Trump administration to reject full Medicaid expansion funding for Utah

(Leah Hogsten/Tribune file photo) Ellie Brownstein, left, who is in opposition to SB96 and Wiz Rouzard with Americans for Prosperity in favor of SB96 debate for and against in front of the Utah House chamber, Friday, Feb. 8, 2019, in Salt Lake City. Utah lawmakers' plan to scale back a voter-approved Medicaid expansion has passed a key vote despite protests from advocates who say it guts a plan the majority of voters want.

Washington • The Trump administration will not give Utah or other states generous federal funding to partially expand their Medicaid programs under the Affordable Care Act, funding that Utah hoped to receive after the administration earlier this year authorized the state to move forward on an expansion of the government health insurance program.

This decision should trigger a fallback provision in Utah’s scaled-back Medicaid proposal that will allow for full Medicaid expansion, similar to the structure voters approved during the November election, but which was overruled by the Beehive State’s Republican leaders.

Utah received approval from the Centers for Medicare and Medicaid Services, under the Health and Human Services Department, in March to move forward with a Legislature-approved Medicaid expansion to provide access to health insurance for up to 90,000 low-income adults. Under that agreement, the federal government would pay for 70% of the expanded program, with the state funding the remaining 30%. People have been able to apply for coverage since April 1.

Under the Affordable Care Act, the federal government may pay for more than 90% of the program, as it does in the more than 30 other states that have expanded Medicaid, and Utah hoped to receive such support. But Utah is different from other states that expanded health insurance because it decided to extend eligibility to a more limited number of residents than is permitted under the ACA.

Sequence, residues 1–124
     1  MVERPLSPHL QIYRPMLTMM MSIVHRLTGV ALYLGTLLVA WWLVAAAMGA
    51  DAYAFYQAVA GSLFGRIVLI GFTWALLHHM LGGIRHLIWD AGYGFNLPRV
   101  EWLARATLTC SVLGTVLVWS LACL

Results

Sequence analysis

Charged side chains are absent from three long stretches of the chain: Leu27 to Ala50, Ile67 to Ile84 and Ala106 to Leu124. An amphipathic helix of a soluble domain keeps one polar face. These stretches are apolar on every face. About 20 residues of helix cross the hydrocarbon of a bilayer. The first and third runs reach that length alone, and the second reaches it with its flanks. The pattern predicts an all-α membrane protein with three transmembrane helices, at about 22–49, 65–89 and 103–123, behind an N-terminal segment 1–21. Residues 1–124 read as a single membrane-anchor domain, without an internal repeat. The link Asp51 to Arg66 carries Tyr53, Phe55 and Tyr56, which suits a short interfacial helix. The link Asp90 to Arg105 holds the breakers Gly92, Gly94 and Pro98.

Utah’s proposal to CMS expanded Medicaid to residents who earn up to 100% of the federal poverty level, which is $12,490 a year for an individual and $25,750 for a family of four. The state also included a requirement that most Medicaid beneficiaries work or else lose their benefits, requirements that Kentucky and Arkansas tried to implement but that were blocked by a federal judge.

The Trump administration does not plan to approve enhanced federal funding for any state that implements a partial Medicaid expansion, two senior administration officials said.

Stacy Stanford, a policy analyst with the Utah Health Policy Project, said Friday night that this means the waiver Utah lawmakers were asking for is “dead in the water” and that “they should immediately proceed with full expansion.”

The fallback plan would take effect January 2020, she said, allowing Utahns who earn up to 138% of the federal poverty line to qualify for Medicaid.

Stanford said the Trump administration’s decision isn’t surprising given the president’s desire to repeal the health care law — and she said it’s something which proponents of full expansion had already warned Utah lawmakers about.

She added that in retooling the voter-approved expansion plan with SB96, lawmakers confused many people who could qualify for Medicaid.